SOUND OFF: SMASH Bares Its Big, Beautiful BombshellSOUND OFF: SMASH Bares Its Big, Beautiful Bombshell
by Pat Cerasaro - May 15, 2012

The words we've all been breathlessly waiting to hear - "You're going on as Marilyn tonight," - were finally uttered by the director of the show-within-the-show, Derek (Jack Davenport), on SMASH's "Bombshell" season finale last night: Karen Cartwright (Katharine McPhee) nabbed the coveted role. Despite seemingly all of the bets being placed early in the season against Karen by viewers and critics alike insofar as her likelihood in donning the peroxide wig and beautymark - she seemed a Norma Jean but rarely an expected choice for Marilyn; certainly no match in the classic idea of the screen siren as far as the vivacious and curvaceous Ivy Lynn (Megan Hilty) was concerned. While many were quick in giving Ivy Lynn the upper hand - or upper skirt, as the case may be - it was evident from the first moment of the series that Karen, the underdog, is who we were largely meant to be rooting for above all others; the naive Iowa girl singing "Somewhere Over The Rainbow" on a stage of glitterring stars, so close and yet so far away. Ivy surely made a fast and furious impression soon thereafter with "The National Pastime" in SMASH's pilot, but Karen had already been quite clearly established as our most central protagonist - perhaps with Julia (Debra Messing) equally as prominent. As the fourteen subsequent episodes have progressed, SMASH has revealed itself to be a true ensemble piece with the emphasis on the collective journey of all of the characters and how that has had an effect on the burgeoning Broadway musical at the show's core, but Karen and Julia still have remained the two given the most screen-time and exposure. Megan Hilty has nonetheless emerged as a force to be reckoned with and her performance in the role is the finest of all on the series, outshining all in her songs and scenes. The various highways, byways and alleyways by which we have journeyed on the road of SMASH from the beginning to last night has unquestionably been leading to the BOMBSHELL first preview performances and the reveal of who would ultimately win the part of a lifetime in the show-within-the-show - and, on that count, the SMASH season finale bared all. And, as if all of that were not enough - cameos from Broadway heavyweights Bernadette Peters and Nick Jonas, too! (more...)
SOUND OFF: GLEE's New Directions Do One DirectionSOUND OFF: GLEE's New Directions Do One Direction
by Pat Cerasaro - May 9, 2012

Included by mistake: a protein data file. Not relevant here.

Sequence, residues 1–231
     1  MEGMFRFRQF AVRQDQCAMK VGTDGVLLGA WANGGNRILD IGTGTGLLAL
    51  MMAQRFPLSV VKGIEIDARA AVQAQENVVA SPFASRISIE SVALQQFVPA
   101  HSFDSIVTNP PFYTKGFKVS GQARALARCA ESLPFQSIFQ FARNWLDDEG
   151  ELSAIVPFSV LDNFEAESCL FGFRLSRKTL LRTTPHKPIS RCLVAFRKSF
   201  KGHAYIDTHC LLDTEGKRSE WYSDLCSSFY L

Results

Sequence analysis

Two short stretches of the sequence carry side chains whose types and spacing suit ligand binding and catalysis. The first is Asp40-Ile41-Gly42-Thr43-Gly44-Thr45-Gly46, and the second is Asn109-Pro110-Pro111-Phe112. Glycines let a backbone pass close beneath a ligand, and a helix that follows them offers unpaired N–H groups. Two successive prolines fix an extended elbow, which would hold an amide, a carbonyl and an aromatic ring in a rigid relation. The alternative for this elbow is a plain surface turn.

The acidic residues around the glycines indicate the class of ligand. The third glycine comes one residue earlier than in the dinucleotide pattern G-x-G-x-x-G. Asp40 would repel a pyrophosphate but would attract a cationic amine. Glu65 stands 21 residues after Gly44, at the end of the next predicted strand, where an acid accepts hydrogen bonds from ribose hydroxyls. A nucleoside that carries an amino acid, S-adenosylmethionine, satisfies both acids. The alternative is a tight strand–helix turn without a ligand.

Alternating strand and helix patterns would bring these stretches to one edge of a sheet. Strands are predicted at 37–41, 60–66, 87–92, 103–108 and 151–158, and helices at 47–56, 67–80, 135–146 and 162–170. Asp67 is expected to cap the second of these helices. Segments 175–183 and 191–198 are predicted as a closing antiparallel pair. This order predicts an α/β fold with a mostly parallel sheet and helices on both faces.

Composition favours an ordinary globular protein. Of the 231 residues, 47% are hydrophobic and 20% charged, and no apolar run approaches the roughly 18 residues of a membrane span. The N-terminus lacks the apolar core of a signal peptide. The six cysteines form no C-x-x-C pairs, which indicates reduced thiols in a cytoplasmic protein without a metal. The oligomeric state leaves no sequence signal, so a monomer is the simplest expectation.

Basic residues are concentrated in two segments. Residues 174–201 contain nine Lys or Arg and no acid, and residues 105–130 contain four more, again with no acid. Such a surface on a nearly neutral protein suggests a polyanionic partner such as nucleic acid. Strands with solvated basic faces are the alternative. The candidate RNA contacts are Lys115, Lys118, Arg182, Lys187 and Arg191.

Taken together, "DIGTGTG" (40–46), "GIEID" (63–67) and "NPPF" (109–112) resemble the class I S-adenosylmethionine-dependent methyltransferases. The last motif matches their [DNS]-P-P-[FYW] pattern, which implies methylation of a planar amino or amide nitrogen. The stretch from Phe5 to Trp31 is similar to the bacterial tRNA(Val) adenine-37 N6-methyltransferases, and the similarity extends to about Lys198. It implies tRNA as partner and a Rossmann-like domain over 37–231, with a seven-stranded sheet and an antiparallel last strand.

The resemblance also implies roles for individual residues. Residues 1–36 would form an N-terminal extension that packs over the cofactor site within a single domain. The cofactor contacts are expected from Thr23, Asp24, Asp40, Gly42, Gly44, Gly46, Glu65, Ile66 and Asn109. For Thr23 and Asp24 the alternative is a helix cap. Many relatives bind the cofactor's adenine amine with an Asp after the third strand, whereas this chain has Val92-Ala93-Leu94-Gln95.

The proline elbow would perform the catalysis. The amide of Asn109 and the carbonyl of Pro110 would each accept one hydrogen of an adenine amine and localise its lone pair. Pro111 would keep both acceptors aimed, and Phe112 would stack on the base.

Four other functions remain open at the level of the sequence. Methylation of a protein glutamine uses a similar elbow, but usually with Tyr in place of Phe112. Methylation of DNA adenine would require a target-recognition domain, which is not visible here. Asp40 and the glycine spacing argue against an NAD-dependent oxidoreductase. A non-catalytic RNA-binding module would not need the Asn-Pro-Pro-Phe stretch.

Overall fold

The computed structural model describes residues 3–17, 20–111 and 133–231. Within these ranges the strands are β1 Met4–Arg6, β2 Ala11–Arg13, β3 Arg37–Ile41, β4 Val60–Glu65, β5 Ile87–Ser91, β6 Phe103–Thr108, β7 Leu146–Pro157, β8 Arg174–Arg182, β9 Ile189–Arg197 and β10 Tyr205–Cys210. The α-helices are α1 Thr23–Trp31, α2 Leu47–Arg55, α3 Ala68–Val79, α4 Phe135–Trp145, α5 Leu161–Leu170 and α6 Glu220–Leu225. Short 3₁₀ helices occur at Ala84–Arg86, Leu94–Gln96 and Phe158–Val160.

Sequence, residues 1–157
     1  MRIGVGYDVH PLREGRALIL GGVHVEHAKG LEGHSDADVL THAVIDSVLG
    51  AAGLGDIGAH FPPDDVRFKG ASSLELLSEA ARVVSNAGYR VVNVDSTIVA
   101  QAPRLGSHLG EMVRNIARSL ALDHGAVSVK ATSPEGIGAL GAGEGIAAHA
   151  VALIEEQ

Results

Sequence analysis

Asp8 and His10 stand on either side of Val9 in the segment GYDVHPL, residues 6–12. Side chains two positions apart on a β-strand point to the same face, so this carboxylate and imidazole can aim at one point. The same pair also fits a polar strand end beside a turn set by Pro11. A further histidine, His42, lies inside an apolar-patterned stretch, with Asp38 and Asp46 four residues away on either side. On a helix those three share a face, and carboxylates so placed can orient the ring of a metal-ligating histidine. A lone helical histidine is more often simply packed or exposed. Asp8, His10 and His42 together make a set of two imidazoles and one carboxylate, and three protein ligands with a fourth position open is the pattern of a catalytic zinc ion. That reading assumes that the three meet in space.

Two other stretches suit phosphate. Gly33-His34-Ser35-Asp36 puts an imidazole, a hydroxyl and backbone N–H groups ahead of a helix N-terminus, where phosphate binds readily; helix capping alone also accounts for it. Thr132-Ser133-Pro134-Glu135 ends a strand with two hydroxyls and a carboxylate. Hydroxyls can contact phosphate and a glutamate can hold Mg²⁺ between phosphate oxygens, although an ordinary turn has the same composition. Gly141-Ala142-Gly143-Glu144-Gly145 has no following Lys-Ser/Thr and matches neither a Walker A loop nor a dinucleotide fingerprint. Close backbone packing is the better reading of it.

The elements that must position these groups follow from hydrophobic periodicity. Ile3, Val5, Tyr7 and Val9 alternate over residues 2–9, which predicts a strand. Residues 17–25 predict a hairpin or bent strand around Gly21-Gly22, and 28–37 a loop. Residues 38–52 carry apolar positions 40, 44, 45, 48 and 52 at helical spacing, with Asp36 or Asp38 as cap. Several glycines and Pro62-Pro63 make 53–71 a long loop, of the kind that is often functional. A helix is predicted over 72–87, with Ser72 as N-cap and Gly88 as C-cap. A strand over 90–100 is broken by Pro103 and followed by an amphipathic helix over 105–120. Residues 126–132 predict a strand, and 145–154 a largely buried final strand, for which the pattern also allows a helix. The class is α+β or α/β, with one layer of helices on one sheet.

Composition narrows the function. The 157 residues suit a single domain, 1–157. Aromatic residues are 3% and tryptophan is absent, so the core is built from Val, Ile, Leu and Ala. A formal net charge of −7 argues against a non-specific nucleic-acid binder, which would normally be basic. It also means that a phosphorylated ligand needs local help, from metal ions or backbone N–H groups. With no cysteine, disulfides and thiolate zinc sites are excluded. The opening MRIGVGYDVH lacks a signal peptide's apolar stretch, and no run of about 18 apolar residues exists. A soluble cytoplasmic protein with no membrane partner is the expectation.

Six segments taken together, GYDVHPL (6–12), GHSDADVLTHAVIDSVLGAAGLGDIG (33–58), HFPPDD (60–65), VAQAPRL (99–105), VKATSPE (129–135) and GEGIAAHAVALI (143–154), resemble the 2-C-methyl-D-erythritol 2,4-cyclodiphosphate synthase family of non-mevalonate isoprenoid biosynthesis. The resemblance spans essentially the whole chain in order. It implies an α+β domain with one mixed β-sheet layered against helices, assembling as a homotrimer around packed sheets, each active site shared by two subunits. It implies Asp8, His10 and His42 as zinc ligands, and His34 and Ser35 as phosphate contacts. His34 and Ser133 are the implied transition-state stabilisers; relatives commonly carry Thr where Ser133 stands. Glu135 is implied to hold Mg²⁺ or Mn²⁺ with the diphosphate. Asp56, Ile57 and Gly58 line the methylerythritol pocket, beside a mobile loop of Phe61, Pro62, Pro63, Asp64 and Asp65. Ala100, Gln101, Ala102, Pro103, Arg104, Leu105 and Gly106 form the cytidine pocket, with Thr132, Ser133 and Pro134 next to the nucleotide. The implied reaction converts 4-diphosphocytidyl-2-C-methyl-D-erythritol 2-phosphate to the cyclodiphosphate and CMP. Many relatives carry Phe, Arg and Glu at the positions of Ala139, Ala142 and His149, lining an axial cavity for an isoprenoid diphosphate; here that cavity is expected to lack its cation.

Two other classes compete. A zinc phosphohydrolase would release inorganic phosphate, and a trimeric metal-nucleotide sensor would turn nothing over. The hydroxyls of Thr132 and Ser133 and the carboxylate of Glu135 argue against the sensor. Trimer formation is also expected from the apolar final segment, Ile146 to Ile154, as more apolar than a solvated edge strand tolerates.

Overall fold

"Prom-asaurus" proved that GLEE can still pack a powerful pop culture punch when required to do so; and when it wants to - and spike it with some effervescence and make it pop, too. Even those among us who don't partake in drinking the GLEE Kool-Aid, all must agree that there was more than one episode's fair share of fun, frivolity, twists and tunes, with some very fitting dramatic and musicals moments that we have by now come to anticipate from the genre-hopping musical dramedy enterprise - all of it integrated effectively into the stream-lined storyline, as well. Prom. It's all about prom this time of year and GLEE always makes a point to pay tribute to the month of May in this way. It is in pop culture melding mega-moments like last night's One Direction cover by way of GLEE - "What You Makes You Beautiful" - that we are again reminded of the special place GLEE holds in the American pop pantheon of the 21st century - using real, of-the-moment pop songs and utilizing them to comment on current events while musicalizing and dramatizing the lives of high school students. The classic cuts that come along are a bonus, really, when one considers GLEE from this viewpoint, though the contemporary covers have become the bread and butter of song sales for the mega-music-selling series - "Teenage Dream" by Blaine & The Warblers, as well as the Troubletones's Adele "Someone Like You/Rumor Has It" mash-up sold nearly as many copies as their predecessors - the originals - as far as iTunes sales go. Though FOX channel-mate Simon Cowell of course discovered and shepherds the international pop smash super group One Direction, their musical appearance on GLEE this season marks the continued exposure of the of-the-moment boy band phenomena we have not seen the likes of in over a decade - not since the days of N*SYNC and the Backstreet Boys - after the New Directions success with The Wanted's "Glad You Came" a few episodes back and their upcoming continued presence, no doubt, in addition. What makes GLEE must-see-TV week after week is more often than not the try-anything approach of the creators and cast - some sequences shockingly come off brilliantly and hit all-too-squarely their intended targets, while others fall far short and flop completely, even embarrassingly so. To crib a phrase from One Direction's hit single, what makes GLEE beautiful is that GLEE does not always know what makes it beautiful - experiencing drama coming to us delivered from that rocky, risky-to-mount precipice is sometimes frustrating, sometimes rewarding, but almost always somehow more than merely satisfying. (more...)